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Research Shows Ways to Speed Stroke Care

Studies looked at improvements in ER, specially equipped ambulance that could deliver clot-busting drug

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In the second study, a German research team in Berlin equipped an ambulance with a CT scanner, a laboratory and a telemedicine connection that would allow paramedics to consult with doctors and start tPA treatment on the road.

This ambulance allowed emergency workers to cut by 25 minutes the time it took for them to administer tPA to a patient, researchers report.

"This pre-hospital strategy has the potential to lop a bigger chunk of time off the time-to-treatment," Grotta said.

It's also much more expensive. A specialized stroke ambulance can cost about $1.4 million, the researchers reported.

"This is an interesting concept that could work, but the cost seems to be a prohibitive factor," said Dr. Robert Glatter, an emergency physician at Lenox Hill Hospital in New York City.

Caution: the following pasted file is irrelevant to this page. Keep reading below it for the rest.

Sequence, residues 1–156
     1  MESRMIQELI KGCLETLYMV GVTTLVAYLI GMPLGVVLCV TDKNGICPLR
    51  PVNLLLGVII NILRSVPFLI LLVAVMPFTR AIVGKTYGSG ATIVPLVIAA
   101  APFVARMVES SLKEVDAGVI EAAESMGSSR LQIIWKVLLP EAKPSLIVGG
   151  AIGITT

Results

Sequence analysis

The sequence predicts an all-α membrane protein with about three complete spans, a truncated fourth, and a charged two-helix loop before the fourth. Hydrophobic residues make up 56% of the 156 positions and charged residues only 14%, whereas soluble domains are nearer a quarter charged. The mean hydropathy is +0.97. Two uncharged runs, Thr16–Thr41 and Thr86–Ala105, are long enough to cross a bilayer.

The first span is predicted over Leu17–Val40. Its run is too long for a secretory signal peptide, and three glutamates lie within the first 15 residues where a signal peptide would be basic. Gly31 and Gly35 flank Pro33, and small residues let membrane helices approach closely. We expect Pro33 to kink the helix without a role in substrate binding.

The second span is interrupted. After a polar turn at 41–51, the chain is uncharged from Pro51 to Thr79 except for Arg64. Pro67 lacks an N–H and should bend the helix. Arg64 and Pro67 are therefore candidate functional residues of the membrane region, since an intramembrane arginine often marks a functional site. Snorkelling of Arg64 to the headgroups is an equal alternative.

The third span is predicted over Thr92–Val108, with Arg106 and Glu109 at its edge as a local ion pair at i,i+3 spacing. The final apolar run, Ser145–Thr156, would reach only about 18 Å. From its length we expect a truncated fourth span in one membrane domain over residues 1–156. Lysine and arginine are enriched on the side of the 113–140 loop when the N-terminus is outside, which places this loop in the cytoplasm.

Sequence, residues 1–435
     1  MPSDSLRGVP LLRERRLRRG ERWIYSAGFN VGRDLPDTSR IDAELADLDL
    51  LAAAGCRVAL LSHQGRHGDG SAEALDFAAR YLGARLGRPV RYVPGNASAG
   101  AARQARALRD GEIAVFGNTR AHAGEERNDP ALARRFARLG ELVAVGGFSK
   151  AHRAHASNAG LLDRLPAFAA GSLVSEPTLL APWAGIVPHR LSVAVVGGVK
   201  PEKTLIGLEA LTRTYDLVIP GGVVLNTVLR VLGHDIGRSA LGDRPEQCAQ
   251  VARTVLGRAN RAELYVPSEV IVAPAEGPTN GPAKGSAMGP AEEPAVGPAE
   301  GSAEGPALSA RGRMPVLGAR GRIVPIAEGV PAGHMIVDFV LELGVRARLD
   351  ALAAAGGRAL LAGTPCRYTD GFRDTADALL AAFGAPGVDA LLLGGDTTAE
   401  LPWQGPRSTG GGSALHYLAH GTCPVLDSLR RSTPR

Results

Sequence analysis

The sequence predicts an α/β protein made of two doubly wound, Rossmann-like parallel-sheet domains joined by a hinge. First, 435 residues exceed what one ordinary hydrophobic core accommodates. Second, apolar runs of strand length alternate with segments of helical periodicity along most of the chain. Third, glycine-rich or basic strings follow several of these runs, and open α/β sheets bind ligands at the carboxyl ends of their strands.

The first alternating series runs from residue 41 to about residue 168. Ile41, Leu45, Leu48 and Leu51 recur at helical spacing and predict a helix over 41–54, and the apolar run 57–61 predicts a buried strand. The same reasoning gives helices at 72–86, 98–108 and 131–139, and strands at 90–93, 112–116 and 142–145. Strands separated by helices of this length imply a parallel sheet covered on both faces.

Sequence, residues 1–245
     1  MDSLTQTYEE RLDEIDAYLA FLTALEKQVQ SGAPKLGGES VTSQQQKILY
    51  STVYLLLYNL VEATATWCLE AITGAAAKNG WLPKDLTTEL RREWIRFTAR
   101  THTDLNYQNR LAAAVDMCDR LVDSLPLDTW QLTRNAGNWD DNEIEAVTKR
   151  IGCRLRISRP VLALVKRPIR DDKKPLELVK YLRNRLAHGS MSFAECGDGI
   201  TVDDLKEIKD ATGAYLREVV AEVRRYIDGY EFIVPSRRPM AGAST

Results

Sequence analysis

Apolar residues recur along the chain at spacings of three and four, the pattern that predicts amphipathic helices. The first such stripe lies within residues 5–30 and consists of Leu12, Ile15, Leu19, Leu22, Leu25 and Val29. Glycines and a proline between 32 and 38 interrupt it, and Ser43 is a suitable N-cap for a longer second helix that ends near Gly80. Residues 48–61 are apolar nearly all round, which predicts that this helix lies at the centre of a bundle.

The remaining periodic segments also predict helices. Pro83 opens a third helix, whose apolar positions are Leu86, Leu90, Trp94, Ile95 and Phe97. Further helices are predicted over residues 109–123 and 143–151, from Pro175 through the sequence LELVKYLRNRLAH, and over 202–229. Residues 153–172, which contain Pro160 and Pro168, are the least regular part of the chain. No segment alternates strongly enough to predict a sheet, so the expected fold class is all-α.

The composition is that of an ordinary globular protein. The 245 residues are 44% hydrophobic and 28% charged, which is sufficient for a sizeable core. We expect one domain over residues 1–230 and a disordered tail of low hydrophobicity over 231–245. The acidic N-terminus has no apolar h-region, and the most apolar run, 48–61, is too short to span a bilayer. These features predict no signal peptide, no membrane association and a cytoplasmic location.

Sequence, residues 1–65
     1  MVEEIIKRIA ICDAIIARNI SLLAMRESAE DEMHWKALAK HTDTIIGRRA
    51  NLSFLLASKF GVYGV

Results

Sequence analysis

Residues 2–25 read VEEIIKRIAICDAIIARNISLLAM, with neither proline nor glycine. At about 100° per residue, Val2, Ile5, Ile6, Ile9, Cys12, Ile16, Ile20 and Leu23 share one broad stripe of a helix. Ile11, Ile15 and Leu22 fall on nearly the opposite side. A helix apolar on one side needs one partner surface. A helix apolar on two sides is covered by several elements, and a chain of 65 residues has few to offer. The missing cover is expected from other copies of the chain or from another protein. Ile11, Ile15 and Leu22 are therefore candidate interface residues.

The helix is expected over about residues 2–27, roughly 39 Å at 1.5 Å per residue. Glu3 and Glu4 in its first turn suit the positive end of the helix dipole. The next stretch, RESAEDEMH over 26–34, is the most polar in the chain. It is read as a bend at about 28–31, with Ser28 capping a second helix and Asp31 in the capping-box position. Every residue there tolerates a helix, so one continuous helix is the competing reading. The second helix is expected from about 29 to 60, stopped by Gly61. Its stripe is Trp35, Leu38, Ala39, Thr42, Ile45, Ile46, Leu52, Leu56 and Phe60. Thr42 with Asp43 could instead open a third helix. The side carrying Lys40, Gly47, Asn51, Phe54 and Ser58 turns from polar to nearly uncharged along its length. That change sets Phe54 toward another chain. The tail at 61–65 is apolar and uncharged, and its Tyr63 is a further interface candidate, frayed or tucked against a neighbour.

But Grotta noted that such costs are relative. The CT scanner in the ambulance cost about $400,000, he said, and the average cost to treat a stroke is about $200,000.

"You only have to reverse two strokes to cover the cost of the CT scanner, and you're going to save more time than what we can do tweaking the emergency department," Grotta said.

Glatter said he is concerned that efforts to speed up tPA treatment could wind up giving the "potentially dangerous drug" to people who should not receive it.

"Measures that help cut transport time and get patients to qualified providers is really the most important aspect for taking care of these patients," he said. "That's ultimately what's going to be the most effective targeted approach to getting these patients treated."

A third study in the same issue of the journal indicates patient support for quick treatment with tPA.

More than three-fourths of seniors said they would want to receive clot-dissolving drugs if they were incapacitated by a stroke. About the same percentage said they would want CPR following a heart attack.

The results support doctors' use of tPA treatment even if the patient or their family are not able to sign off on it, the researchers argue.

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